We stayed in The Lookout, a 'quirky' (Host Unusual's word) flat that has been decorated in the colours, style and even some authentic pieces from the 1950s and 60s. Think aquamarine, pink, brown and olive for the colour palette, with 21st century touches like wifi, a DVD player and reliable heating and hot water. It's best to know it's on the top floor of a terraced house, so a couple of flights up (tip: don't overload yourself with too much luggage), but once you're in there is a lovely view out the back windows over the garden to the sea. 

The flat sleeps four: two on a pull-out sofa bed in the living room, two in the bedroom, where the beds can be configured as two singles or a big king. There's a big bathroom with shower over the bath, well-equipped kitchen and dining alcove. Nice as it is, you're unlikely to spend too much time indoors though, because that wonderful seafront will be calling...

Where the road meets the 13-mile long promenade is Pav's café, which doesn't look as if it's changed so much as a tablecloth since the 1960s. There are some wonderful signs (check out the ice-cream cone clock with the motto 'You can't buy happiness but you can buy ice cream') but otherwise a jolly disregard for what you might call decor. Order a full English (veggie option available) or just a sausage in a roll and a builder's tea and you're ready for the day.

The beach in these parts is either wonderfully wide and sandy or nonexistent if the tide is in. We were lucky with the weather, especially as it was January. Full blazing sun that was even warming and a perfect two-mile walk to Margate, admiring the low white cliffs that accompanied us most of the way, the many dogs being taken for walks and the ever-changing seascape.

Unfortunately for us, Dreamland, the recently rejuvenated but also retro amusement park, was closed for the winter, but the Turner Contemporary gallery was open and had a temporary exhibit on with the theme of string. At least, I think it was string. We managed to arrive just as the director, Victoria Pomery, OBE, was giving some sort of opening speech, but I'm afraid we didn't pay any attention and just wandered upstairs. It's free and is a nice open space with drop-in family activities going on, so a good one if you've kids in tow. Or, of course, like art.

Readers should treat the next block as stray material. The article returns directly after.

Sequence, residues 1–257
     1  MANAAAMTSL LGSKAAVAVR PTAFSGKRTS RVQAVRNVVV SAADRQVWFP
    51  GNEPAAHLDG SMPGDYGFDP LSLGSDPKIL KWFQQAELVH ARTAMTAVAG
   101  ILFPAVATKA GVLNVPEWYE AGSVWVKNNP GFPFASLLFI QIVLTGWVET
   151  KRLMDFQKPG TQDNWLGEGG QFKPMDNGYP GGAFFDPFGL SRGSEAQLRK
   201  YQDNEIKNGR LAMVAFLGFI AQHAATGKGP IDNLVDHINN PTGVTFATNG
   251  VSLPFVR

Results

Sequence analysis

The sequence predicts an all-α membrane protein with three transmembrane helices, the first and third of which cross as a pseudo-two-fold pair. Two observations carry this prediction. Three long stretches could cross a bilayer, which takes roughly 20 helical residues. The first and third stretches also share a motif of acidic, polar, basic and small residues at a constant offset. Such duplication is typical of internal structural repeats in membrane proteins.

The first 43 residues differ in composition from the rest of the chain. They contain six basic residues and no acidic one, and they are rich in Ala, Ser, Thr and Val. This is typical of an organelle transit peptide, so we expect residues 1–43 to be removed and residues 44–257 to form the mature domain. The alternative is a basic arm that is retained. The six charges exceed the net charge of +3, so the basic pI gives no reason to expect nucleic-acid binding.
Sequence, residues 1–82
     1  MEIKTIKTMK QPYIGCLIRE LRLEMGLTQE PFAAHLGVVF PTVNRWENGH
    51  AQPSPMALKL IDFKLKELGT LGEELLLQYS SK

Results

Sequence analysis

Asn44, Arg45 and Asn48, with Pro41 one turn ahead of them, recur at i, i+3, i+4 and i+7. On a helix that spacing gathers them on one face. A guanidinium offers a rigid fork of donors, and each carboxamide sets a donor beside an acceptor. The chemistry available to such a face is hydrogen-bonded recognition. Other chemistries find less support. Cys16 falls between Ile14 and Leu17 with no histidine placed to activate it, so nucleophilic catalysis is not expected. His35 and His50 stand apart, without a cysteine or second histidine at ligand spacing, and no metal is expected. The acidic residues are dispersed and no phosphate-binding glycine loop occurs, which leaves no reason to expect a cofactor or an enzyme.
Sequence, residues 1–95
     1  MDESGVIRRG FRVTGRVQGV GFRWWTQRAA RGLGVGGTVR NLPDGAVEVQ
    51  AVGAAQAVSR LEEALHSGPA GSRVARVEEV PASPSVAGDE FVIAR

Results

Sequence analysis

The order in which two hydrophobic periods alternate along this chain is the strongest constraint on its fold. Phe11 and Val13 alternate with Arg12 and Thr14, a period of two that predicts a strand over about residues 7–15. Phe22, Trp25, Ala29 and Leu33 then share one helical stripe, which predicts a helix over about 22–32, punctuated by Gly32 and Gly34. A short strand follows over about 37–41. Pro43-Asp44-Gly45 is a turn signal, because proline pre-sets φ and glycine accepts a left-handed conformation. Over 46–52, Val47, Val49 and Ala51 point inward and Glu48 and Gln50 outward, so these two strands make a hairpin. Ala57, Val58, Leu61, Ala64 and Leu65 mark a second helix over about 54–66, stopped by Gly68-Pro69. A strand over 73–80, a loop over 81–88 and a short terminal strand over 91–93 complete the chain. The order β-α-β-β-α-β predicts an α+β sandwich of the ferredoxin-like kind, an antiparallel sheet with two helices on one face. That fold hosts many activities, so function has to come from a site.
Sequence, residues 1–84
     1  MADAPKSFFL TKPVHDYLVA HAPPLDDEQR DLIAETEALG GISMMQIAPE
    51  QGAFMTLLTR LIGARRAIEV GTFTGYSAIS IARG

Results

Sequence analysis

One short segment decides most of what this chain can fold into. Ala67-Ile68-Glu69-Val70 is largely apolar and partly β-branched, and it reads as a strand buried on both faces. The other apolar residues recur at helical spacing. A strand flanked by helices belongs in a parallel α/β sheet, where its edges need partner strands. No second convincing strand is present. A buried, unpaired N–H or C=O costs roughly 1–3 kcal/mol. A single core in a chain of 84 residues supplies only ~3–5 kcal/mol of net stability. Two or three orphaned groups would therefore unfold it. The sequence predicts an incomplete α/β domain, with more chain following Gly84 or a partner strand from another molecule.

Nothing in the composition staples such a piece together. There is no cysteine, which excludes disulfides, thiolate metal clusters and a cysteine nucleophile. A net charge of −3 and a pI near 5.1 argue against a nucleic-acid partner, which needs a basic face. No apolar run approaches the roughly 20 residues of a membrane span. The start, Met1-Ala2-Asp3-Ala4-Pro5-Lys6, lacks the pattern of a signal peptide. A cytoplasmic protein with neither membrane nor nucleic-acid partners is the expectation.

Next door is the pretty white stucco tourist office and further out along the harbour arm are cafés, shops and, at the tip, the statuesque shell lady.


Back in town, everyone seems to be making the most of the retro English seaside vibe, with plenty of shops selling what look like the contents of local attics and cellars (old badges, tea services, chests, rocking horses, carriage clocks...). There are also a couple of indoor spaces that have been turned into shopping arcades. One has a double-decker bus inside, in which you can take tea or sandwiches on the upper deck, and where we saw a corner booth with the words 'Tracey Emin exclusive' on a card at the back of a table strewn with various personal effects. My first thought was that the table was one of the artist's pieces, in the same vein as her 'Unmade Bed'. But when the sales lady saw me taking a picture, she apologised and cleared her things away. Just going to prove I'm never going to get that YBA stuff...

Of course, we had to eat at GB Pizza, which has been reviewed and praised by everyone from Jay Raynor to Zoe Williams, and if you want to try 'the best pizzas' she's ever tasted, I recommend making a booking as it's that popular. Personally, it's OK, but as far as I'm concerned, nothing's ever going to knock a slice of New York pizza off its perch.

As you're here, you should visit the Tudor House, which is staffed by enthusiastic history buffs happy to share their knowledge, and the Shell Grotto, which also has a gift shop and café, along with a jolly shell-covered dinosaur head to admire. 

By then, you'll probably be ready to head back to The Lookout. Meander along inland and buy dinner supplies on the walk back, then take yourselves to the Carlton for your Saturday night at the pictures. By Sunday, you'll feel you've had a proper seaside break, even if it wasn't warm enough for sunbathing. Never mind, you can always come back in summer and have a totally beachy time of it.
St Mildred's Bay, Westgate-on-Sea, Kent